- By Helen
- No Comments
Image for the play, Death, Duck and The Tulip for the Perth Festival
Radio National brings me many ideas and information and not too long ago I heard in the background talk of a play for children about death. Upon hearing this, I was pleased to hear that the topic of death was being discussed and more so for the benefit of children.
On the whole, children easily accept confronting, taboo or difficult aspects of life more so than adults who can struggle. I wonder what notion children have of death in Western culture, or any culture for that matter, for I don’t believe we as adults project an accurate or truthful one.
The play, Death, Duck and The Tulip, titled Ente, Tod und Tulpe in its German origin is based on the 2007 childrens’ book by German author and illustrator Wolf Erlbruch which deals with death and the afterlife. A synopsis of the story is:
The story involves a duck who acquaints a character called Death who, as it turns out, has been following her all her life. The two become friends, discussing life, death, and what any afterlife might be like. They go diving together and sit in a tree, pondering what would happen to the duck’s lake after her death. The duck reports that some ducks say that they become angels and sit on clouds, looking down on earth. Death says that this is possible since ducks already have wings. Then, she says that some ducks also say that there is a hell, down below, where bad ducks are roasted; Death replies that it’s remarkable what ducks all think of, and says “who knows,” prompting the duck to respond, “so you don’t know either.” In the end, the duck indeed dies, and Death carries her to a river, placing the duck gently in the water and laying the tulip on her “ From Wikipedia, the free encyclopaedia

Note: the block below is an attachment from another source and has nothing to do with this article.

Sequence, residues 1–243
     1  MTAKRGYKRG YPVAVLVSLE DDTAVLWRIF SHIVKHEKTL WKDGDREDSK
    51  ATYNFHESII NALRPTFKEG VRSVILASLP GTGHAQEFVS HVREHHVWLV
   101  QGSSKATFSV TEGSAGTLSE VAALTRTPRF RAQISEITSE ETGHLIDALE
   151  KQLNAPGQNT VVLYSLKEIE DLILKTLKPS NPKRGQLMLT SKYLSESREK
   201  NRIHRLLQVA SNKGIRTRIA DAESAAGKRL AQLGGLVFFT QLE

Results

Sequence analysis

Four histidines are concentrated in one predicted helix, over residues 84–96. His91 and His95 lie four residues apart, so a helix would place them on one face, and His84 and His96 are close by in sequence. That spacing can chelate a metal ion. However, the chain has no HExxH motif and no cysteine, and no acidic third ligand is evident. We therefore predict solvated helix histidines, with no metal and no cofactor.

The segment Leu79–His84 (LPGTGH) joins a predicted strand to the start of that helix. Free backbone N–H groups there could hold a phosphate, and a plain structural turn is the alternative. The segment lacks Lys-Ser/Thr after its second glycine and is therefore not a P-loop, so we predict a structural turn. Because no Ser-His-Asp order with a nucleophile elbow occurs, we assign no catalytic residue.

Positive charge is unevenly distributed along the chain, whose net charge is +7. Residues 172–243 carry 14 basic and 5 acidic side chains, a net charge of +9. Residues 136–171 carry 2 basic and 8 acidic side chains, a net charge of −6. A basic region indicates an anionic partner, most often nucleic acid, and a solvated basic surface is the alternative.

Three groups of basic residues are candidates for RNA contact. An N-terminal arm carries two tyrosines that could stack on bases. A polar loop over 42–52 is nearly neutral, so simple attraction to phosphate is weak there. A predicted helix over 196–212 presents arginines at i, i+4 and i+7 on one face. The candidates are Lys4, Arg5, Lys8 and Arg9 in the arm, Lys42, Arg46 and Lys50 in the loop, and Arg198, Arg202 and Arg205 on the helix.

If you wish to look at some of the play click on the link below.
The book, play or film could be an excellent resource for parents and teachers not only for themselves but for the children.